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J Biol Chem. 1993 Aug 25;268(24):18218-25.

Mutations in the carboxyl-terminal propeptide of the pro alpha 1(I) chain of type I collagen result in defective chain association and produce lethal osteogenesis imperfecta.

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Department of Pathology, University of Washington, Seattle 98195.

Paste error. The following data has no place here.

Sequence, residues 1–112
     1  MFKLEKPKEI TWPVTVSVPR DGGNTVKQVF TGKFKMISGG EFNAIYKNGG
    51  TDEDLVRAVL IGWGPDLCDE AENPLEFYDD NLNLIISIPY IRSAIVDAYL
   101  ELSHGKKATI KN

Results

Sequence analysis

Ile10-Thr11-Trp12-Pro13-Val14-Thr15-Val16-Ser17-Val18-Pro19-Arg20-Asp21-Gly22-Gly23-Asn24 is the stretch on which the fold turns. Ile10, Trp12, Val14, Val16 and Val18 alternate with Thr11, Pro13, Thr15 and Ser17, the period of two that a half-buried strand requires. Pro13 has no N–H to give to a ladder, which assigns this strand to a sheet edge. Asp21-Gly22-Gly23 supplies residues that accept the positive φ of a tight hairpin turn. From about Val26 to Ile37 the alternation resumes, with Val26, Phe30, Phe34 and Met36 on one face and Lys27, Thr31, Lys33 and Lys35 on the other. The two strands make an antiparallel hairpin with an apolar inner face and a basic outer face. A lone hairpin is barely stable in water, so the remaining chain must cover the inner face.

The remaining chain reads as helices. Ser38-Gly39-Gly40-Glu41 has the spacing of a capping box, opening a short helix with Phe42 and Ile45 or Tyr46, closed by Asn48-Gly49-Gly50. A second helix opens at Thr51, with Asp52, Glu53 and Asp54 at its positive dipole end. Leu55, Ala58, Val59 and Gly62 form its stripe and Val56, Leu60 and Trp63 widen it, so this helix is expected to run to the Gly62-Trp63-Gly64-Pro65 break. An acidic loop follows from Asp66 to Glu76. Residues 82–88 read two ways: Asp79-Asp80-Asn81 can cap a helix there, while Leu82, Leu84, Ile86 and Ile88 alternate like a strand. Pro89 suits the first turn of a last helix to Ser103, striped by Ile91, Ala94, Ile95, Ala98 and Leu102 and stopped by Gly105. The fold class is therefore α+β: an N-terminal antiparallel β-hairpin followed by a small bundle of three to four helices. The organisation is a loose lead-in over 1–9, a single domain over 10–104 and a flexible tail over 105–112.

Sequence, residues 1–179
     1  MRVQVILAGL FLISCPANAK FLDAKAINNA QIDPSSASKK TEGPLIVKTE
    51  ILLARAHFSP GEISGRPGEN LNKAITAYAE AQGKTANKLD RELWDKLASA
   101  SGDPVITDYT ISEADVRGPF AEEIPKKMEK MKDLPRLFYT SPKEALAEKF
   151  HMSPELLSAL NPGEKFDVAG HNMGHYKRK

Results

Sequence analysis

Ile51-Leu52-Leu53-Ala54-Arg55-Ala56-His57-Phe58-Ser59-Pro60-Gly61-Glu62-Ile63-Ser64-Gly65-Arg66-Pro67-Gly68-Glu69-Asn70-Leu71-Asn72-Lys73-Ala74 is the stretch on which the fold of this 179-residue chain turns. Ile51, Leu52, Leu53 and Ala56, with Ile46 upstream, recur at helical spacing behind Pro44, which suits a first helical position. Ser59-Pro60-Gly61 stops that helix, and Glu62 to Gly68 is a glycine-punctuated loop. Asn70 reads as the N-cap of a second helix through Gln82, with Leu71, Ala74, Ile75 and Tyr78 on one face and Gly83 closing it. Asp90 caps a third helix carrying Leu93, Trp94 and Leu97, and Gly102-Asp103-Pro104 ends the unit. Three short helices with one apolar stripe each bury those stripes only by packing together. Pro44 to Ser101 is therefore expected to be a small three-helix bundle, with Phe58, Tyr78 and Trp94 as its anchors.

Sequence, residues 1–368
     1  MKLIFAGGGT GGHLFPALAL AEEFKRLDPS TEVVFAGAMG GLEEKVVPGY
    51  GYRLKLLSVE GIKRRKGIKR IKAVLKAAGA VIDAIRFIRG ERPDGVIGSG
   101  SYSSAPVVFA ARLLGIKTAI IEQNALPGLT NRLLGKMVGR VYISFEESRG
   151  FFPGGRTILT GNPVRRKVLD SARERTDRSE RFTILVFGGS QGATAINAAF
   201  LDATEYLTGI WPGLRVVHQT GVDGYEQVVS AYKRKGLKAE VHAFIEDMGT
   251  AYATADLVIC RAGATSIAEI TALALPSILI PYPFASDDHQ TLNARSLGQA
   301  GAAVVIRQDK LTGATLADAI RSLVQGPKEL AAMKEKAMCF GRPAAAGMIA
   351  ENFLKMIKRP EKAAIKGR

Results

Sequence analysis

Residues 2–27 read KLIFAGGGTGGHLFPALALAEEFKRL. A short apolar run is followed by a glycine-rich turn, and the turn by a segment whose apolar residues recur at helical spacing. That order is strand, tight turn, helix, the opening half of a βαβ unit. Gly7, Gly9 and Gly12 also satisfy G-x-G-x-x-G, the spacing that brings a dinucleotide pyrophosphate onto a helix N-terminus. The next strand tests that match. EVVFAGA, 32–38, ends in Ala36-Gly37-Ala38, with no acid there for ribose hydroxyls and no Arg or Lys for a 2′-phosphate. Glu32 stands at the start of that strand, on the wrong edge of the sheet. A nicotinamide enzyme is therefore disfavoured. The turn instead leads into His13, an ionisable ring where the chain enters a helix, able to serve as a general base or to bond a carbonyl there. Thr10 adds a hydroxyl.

Fibroblast cell strains from three infants with perinatal lethal osteogenesis imperfecta (OI) carry unique mutations in COL1A1 (the gene encoding the pro alpha 1(I) chain of type I procollagen) that impair chain association. The three mutations are: substitution of arginine for leucine at position 170 in the carboxyl-terminal propeptide, substitution of histidine for aspartic acid at position 59 of the propeptide, and a 6-base pair deletion that results in loss of 2 amino acid residues, glutamic acid and tyrosine, at positions 119 and 120 of the propeptide. In each cell strain the rate of association of the abnormal chain into molecules is slowed and formation of interchain disulfide bonds is impaired. The substitution at residue 59 alters the most highly conserved region of the propeptide and has a much greater effect on the incorporation of pro alpha 2(I) chains into disulfide-bonded trimers than the other two mutations. The molecules that contain the abnormal chains are extensively overmodified by post-translational modifying enzymes, yet have a normal thermal stability. These findings extend the range of lethal mutations in the type I collagen genes and help to identify regions of the carboxyl-terminal propeptide that may be important for chain-chain recognition and molecular assembly.

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